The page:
Michigan: Patient and Caregiver Groups needed now, but are they legal?

What happens when a patient or caregiver experiences a catastrophic failure that results in the total loss of a crop? What happens then? How does the patient get their medicine? How does the caregiver get new plants? Does the patient owe the caregiver money? Imagine the ensuing nightmare! You can easily avoid this situation by selecting your caregiver wisely. The best way to protect a patient’s supply is to join or form a Patient or Caregiver Group.organization

When multiple patients network together locally to ensure a steady supply of quality marijuana, they’re forming a Patient Group. If each patient is growing their own marijuana, at their own location, they are perfectly legal to meet regularly and help each other learn how to ensure a safe, reliable, and affordable supply of marijuana. Typically group members agree to assist each other when one member has a problem, is out of medicine, or needs clones to help them quickly recover from catastrophe.

Crop loss can happen easier than many people think. Poor environmental conditions, lack of adequate knowledge, pests, equipment failure, and many other causes can destroy several months of work. Mold can also be a problem in Michigan because of our higher humidity levels. One of the most common problems novice growers experience is improper drying and curing techniques. Impurities introduced into medical marijuana often occur during this stage of the process. Marijuana that’s wet or that has molded, or has pet hair or carpet fibers in it, is not fit for human consumption.

Patient Groups can also work together to buy supplies. Usually buying supplies in bulk is cheaper than each member buying their own. An even smarter idea would be to work with the other Patient and Caregiver Groups through the local Compassion Club to buy in even larger volume for the best possible price.

Caregiver Groups function in a very similar fashion with an important distinction. Caregiver’s must have written consent from their patients to act on their behalf in the event of a catastrophic failure to a member of the caregiver’s group. A caregiver’s patients would need to pre-authorize them to assist the patients of another caregiver, but what smart patient wouldn’t like this arrangement? It’s basically a caregiver insurance policy should misfortune find your caregiver’s garden. He could then go within his network and find you marijuana, and acquire new plants to restart your garden. In return you would authorize your caregiver to help other patients who for one reason or another are in need.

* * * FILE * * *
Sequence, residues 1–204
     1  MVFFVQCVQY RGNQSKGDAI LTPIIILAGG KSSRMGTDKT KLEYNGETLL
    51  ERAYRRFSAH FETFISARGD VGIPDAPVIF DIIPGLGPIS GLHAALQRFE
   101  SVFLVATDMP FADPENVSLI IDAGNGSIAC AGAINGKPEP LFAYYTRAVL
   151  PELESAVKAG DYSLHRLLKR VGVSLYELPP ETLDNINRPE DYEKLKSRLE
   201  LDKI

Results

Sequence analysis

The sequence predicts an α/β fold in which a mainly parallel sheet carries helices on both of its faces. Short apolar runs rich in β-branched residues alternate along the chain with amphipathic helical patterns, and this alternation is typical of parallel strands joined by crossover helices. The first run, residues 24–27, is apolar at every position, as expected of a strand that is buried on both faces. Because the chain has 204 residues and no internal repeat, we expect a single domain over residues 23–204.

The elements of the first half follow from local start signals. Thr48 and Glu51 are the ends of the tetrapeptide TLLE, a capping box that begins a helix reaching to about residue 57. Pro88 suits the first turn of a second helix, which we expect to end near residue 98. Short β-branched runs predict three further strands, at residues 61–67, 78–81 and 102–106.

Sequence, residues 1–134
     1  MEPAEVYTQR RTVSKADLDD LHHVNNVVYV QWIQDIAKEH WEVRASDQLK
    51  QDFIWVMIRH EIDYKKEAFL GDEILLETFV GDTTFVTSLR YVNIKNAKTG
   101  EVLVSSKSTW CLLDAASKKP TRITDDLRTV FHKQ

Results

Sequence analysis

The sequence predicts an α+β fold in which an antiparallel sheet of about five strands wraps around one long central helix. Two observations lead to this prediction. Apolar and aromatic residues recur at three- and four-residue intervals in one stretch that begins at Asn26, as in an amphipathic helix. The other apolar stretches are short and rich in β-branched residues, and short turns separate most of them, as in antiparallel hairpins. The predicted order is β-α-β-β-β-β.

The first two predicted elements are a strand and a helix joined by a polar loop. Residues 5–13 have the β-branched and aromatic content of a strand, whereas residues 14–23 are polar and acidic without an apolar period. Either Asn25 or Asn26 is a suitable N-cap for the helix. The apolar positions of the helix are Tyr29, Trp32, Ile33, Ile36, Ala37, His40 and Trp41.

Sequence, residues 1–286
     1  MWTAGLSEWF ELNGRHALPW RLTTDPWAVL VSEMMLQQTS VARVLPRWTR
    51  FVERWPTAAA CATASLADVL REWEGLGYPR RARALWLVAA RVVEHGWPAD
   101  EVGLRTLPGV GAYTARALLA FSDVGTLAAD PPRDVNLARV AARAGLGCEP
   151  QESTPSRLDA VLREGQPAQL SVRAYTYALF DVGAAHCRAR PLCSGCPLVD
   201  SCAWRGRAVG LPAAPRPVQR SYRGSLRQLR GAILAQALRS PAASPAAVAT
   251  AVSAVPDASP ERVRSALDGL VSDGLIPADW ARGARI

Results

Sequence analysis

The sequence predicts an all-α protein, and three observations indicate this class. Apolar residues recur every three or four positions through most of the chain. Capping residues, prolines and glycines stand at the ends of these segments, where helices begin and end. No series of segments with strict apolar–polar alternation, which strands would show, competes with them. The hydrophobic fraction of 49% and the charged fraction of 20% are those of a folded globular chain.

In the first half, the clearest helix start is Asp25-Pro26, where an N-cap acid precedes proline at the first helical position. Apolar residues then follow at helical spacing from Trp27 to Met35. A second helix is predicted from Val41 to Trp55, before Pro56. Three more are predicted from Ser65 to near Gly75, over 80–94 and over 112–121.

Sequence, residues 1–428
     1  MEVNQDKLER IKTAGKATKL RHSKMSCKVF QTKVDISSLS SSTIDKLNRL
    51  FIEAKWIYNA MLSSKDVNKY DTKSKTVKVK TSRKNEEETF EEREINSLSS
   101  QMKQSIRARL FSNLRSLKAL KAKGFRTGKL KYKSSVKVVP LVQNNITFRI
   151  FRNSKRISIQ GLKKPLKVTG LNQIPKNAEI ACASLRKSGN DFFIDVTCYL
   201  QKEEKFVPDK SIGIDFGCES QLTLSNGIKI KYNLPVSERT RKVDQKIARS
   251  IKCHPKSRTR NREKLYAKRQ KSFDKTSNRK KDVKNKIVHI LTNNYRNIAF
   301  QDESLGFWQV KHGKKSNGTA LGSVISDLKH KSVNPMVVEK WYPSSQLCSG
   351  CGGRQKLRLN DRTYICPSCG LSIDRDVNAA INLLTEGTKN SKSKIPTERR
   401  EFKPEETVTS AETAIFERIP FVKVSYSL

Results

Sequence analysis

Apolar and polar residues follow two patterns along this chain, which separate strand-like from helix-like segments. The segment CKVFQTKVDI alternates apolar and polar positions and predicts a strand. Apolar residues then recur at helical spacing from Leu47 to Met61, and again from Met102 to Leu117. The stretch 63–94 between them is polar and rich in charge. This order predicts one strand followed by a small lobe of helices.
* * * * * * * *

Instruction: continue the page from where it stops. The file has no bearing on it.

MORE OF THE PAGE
Local Patient and Caregiver Groups also tend to stabilize both the supply and cost of medical marijuana in local areas. With local people working together, the money generated in any given area tends to stay in that area. Keeping cultivation and distribution local is key to ensuring a steady supply of medical-grade marijuana at the best possible price for the patient.

As for the legality of these groups, this is one of those “gray areas” all the legal cats like to talk about. For obvious reasons law enforcement and prosecuting attorney’s hate the concept. To them, this represents a Pablo Escobar-style narcotics empire. Some are having a hard time understanding the spirit of this law because they’ve always just charged and prosecuted all marijuana cases. This law, and the MMMA, are here for Michigan’s chronically ill people who choose to incorporate marijuana into their treatment plan. If our elected officials really give a damn about those this law was written for, they would implement guidelines for law enforcement and the judiciary that reflect the feelings of the 63% of Michigan voters who overwhelmingly support this program.

So sadly the answer at this time is no, these groups are not found to be accepted by all members of law enforcement, so if you’re considering forming or joining, or if you already participate in a Patient or Caregiver Group, you should be very discrete until solid court precedent is established. Furthermore, at this time the MMMA does not advise that patients or caregivers cultivate collectively without qualified legal counsel.


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